Sorting Algorithms


Sorting Algorithms

Sorting algorithms are a set of instructions that take an array or list as an input and arrange the items into a particular order.

Sorts are most commonly in numerical or a form of alphabetical (called lexicographical) order, and can be in ascending (A-Z, 0-9) or descending (Z-A, 9-0) order.

Why Sorting Algorithms are Important

Since sorting can often reduce the complexity of a problem, it is an important algorithm in Computer Science. These algorithms have direct applications in searching algorithms, database algorithms, divide and conquer methods, data structure algorithms, and many more.

Trade-Offs of Algorithms

When using different algorithms some questions have to be asked. How big is the collection being sorted? How much memory is at disposal to be used? Does the collection need to grow? The answers to these questions may determine what algorithm is going to work best for the situation. Some algorithms like merge sort may need a lot of space to run, while insertion sort is not always the fastest but it doesn’t require many resources to run. It may need to be determined what the requirements of the system are and its limitations before deciding what algorithm to use.

Some Common Sorting Algorithms

Some of the most common sorting algorithms are:

  • Selection Sort
  • Bubble Sort
  • Insertion Sort
  • Merge Sort
  • Quick Sort
  • Heap Sort
  • Counting Sort
  • Radix Sort
  • Bucket Sort

Classification of Sorting Algorithm

Sorting algorithms can be categorized based on the following parameters:

  1. Based on Number of Swaps or Inversion
    This is the number of times the algorithm swaps elements to sort the input. Selection Sort requires the minimum number of swaps.
  2. Based on Number of Comparisons
    This is the number of times the algorithm compares elements to sort the input. Using Big-O notation, the sorting algorithm examples listed above require at least O(nlogn) comparisons in the best case and O(n^2) comparisons in the worst case for most of the outputs.
  3. Based on Recursion or Non-Recursion
    Some sorting algorithms, such as Quick Sort, use recursive techniques to sort the input. Other sorting algorithms, such as Selection Sort or Insertion Sort, use non-recursive techniques. Finally, some sorting algorithm, such as Merge Sort, make use of both recursive as well as non-recursive techniques to sort the input.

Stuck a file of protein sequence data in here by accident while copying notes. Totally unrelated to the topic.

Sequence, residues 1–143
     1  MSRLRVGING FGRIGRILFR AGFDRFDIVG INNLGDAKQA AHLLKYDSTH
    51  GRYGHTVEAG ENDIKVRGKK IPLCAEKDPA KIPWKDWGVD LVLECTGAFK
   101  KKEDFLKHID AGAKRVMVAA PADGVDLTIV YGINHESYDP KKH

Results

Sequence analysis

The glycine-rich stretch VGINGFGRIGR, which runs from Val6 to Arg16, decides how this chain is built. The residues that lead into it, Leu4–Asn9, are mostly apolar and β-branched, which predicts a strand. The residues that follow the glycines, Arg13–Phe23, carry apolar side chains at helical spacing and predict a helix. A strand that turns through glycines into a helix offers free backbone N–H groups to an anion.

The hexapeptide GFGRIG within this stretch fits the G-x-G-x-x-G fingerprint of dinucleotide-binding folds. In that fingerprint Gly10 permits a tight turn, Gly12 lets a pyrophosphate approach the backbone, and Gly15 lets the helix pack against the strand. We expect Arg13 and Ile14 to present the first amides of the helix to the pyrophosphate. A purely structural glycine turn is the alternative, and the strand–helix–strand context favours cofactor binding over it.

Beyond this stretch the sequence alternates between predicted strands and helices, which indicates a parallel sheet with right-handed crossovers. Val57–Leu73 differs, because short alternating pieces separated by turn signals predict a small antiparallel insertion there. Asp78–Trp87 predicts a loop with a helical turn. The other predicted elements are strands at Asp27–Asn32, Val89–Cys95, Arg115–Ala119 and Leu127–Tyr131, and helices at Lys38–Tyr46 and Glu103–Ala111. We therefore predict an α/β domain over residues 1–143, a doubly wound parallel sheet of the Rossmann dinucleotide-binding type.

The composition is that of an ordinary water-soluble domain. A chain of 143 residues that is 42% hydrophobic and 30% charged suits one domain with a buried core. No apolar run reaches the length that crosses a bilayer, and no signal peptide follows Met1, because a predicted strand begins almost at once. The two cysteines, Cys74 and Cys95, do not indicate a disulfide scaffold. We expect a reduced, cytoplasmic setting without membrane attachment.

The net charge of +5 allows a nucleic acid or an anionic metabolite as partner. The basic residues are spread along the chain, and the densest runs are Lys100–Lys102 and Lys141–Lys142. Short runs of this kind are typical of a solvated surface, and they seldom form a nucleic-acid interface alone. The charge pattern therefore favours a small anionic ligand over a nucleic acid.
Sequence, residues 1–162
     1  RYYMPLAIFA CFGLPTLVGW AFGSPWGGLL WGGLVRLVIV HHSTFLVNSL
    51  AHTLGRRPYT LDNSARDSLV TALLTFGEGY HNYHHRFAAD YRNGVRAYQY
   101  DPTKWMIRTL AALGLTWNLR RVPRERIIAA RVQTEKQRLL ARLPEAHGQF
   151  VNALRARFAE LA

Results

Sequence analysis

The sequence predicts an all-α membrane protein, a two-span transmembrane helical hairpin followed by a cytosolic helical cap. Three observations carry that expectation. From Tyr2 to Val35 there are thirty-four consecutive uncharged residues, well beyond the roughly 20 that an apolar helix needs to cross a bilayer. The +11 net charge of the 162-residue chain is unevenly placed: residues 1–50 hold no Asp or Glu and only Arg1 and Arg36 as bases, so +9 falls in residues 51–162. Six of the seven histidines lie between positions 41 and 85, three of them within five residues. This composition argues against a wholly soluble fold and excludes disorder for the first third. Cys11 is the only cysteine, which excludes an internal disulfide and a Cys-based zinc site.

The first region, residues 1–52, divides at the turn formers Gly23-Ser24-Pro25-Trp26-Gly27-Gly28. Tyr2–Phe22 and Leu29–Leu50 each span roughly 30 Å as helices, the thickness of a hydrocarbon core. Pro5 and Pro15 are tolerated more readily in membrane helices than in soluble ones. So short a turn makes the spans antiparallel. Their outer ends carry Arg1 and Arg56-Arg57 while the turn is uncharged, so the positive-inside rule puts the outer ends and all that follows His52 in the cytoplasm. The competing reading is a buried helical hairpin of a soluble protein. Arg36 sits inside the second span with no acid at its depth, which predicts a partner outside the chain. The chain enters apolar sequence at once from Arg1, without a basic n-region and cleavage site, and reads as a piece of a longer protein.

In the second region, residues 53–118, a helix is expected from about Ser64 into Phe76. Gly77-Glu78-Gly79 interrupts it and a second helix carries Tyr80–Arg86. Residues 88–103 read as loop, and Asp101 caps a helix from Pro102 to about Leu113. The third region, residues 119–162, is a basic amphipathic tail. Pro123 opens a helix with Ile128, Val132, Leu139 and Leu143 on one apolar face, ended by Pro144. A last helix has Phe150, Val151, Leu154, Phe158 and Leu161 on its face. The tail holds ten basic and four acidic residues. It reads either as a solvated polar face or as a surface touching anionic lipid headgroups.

4. Based on Stability
    Sorting algorithms are said to be stable if the algorithm maintains the relative order of elements with equal keys. In other words, two equivalent elements remain in the same order in the sorted output as they were in the input.
  • Insertion sort, Merge Sort, and Bubble Sort are stable
  • Heap Sort and Quick Sort are not stable
  1. Based on Extra Space Requirement
    Sorting algorithms are said to be in place if they require a constant O(1) extra space for sorting.
  • Insertion sort and Quick-sort are in place sort as we move the elements about the pivot and do not actually use a separate array which is NOT the case in merge sort where the size of the input must be allocated beforehand to store the output during the sort.
  • Merge Sort is an example of out place sort as it require extra memory space for its operations.

Best possible time complexity for any comparison based sorting

Any comparison based sorting algorithm must make at least nLog2n comparisons to sort the input array, and Heapsort and merge sort are asymptotically optimal comparison sorts.This can be easily proved by drawing the desicion tree diagram.

Algorithmic Paradigm

Merge Sort and Quick Sort are based on Divide and Conquer Algorithm

Useful Links

Youtube link to Sorting Algorithms playlist

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